Armed Services will take up the annual defense bill and vote on a Democratic  proposal to order 90 percent of the troops home from Afghanistan in two years.

After Energy and Commerce approves its bill limiting medial malpractice lawsuits, a subcommittee will take up a measure giving states more power to trim their Medicaid coverage.

THE SENATE: Convened at 9:30 and will be done for the day shortly after 3. The only vote will be to confirm Arenda L. Wright Allen — the chief federal public defender in Norfolk and before that a civilian and Navy prosecutor — as a federal trial judge for the eastern half of Virginia.

THE WHITE HOUSE: Obama has invited all 53 senators in the Democratic caucus for a 4:30 meeting on the budget in the Eisenhower Executive Office Building, which means Bernie Sanders can explain to the president why he won’t even allow Kent Conrad’s opening deficit-reduction bid to get out of committee.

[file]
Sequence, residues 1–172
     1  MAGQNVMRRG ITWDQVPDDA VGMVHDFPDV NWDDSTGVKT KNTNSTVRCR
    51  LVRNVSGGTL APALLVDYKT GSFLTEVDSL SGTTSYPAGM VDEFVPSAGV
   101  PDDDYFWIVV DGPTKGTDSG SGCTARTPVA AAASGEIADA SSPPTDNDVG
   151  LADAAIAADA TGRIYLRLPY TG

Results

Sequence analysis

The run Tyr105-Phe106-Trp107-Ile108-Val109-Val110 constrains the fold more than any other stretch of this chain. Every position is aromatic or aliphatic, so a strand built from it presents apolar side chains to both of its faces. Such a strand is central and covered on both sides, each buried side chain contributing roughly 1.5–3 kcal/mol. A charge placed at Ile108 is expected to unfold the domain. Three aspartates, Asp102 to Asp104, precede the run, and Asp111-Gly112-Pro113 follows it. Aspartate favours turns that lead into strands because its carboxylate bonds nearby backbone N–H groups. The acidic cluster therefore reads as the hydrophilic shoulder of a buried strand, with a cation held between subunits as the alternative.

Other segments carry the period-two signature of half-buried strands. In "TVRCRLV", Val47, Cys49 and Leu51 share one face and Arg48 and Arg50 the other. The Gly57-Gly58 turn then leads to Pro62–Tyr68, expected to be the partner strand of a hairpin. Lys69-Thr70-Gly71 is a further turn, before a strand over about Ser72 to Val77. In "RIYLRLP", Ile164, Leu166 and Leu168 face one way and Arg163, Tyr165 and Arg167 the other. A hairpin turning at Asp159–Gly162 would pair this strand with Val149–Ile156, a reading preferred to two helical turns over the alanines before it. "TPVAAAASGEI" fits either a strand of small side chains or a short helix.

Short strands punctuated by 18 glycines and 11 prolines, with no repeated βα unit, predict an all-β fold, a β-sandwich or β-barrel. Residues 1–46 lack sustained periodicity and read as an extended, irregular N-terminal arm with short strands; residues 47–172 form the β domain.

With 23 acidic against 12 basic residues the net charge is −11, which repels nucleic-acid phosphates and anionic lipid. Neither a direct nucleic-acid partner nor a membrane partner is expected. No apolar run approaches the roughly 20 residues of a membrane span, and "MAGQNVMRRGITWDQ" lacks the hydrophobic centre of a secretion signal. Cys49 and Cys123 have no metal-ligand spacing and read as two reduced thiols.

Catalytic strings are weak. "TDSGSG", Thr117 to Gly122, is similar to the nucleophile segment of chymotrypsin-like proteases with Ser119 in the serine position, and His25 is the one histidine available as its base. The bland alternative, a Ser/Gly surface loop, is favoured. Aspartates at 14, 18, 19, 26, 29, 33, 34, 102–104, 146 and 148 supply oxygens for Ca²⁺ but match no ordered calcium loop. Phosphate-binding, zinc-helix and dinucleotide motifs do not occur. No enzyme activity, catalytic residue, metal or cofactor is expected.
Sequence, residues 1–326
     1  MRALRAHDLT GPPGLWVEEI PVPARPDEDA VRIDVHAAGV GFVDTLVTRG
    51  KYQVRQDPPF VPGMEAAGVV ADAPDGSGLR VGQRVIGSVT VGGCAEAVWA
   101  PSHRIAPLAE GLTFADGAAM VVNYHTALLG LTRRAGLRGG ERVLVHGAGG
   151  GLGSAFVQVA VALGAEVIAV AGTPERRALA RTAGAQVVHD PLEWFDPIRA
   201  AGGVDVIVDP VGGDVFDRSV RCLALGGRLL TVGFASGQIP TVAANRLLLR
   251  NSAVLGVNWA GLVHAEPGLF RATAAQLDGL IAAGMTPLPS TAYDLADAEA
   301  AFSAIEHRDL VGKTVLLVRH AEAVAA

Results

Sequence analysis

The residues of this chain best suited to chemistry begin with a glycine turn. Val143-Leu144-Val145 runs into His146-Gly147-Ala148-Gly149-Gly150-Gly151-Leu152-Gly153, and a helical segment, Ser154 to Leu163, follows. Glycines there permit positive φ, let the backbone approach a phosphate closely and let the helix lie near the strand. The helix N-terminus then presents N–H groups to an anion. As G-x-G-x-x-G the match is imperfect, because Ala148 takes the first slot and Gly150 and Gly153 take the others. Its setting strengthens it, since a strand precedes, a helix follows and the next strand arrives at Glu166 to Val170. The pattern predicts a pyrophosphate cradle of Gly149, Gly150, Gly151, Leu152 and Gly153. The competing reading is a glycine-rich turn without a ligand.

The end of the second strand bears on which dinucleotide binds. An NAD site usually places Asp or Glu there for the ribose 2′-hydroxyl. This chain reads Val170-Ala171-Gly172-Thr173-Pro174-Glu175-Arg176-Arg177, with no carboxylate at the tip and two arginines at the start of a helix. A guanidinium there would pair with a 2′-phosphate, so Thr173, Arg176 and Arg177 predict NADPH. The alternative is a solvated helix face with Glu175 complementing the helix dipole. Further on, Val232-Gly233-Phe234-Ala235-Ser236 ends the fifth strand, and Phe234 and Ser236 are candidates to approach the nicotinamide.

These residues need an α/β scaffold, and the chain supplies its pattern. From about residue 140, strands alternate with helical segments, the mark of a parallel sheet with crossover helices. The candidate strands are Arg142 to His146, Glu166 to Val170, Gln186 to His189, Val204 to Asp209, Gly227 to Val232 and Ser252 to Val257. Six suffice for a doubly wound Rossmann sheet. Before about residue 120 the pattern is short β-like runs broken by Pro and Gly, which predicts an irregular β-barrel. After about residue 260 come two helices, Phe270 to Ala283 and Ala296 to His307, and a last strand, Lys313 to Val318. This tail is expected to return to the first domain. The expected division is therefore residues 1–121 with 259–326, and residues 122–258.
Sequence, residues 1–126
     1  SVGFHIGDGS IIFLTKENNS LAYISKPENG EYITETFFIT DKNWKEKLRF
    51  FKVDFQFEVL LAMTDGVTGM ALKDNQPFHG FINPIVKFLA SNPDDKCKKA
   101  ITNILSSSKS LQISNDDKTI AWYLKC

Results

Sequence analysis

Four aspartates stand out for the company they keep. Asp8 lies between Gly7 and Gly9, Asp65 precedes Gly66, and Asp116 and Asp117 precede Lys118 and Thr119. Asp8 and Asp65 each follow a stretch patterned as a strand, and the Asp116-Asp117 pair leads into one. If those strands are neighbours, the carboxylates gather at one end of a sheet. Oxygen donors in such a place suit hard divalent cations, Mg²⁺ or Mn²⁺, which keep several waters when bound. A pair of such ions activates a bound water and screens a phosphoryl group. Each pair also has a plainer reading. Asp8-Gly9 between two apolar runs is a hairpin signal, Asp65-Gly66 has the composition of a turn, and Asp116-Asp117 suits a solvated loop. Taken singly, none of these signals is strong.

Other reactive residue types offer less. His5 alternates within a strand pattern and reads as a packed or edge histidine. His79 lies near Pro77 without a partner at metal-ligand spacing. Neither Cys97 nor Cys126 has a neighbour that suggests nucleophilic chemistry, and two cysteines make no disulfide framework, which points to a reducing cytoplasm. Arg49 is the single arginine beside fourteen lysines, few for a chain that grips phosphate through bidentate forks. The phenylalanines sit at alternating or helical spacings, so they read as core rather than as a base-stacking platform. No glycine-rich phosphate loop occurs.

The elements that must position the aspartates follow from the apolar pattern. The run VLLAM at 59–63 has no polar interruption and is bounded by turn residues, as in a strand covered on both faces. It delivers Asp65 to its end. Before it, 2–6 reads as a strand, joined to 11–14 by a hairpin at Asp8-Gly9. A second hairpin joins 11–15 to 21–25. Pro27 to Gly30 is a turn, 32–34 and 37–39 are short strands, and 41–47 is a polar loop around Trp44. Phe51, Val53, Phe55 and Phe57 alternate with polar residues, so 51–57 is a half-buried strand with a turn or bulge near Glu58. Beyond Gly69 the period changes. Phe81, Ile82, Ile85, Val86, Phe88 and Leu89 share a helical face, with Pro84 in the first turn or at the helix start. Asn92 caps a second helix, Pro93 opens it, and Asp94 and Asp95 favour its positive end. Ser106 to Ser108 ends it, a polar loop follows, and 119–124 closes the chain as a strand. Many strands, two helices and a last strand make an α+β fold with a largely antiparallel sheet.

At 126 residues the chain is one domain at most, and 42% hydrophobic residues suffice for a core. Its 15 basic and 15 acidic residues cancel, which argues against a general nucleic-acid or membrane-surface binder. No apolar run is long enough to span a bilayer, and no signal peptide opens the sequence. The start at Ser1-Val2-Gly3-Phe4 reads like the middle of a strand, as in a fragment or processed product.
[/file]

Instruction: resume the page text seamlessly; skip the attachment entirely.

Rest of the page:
At 7,  the president is hosting a celebration of American poetry and prose in the East Room.

TWO-THIRDS OF THE WAY THERE: The big budget deal may well remain elusive for another three months, but the work of actually apportioning money for the government to operate must go on. And it will, starting today, when Chairman Hal Rogers unveils the amounts that each of his 12 House cardinals will get to spend in their first-draft appropriations bills for the year that starts Oct. 1.

The $1.02 trillion discretionary grand total of those dozen bills may come as a surprise, especially to all those Republicans who came to town this year vowing to cut $100 billion in spending right away — then changed their mind in the face of political reality and said it would be OK to cut that deep over their first year and a half in power.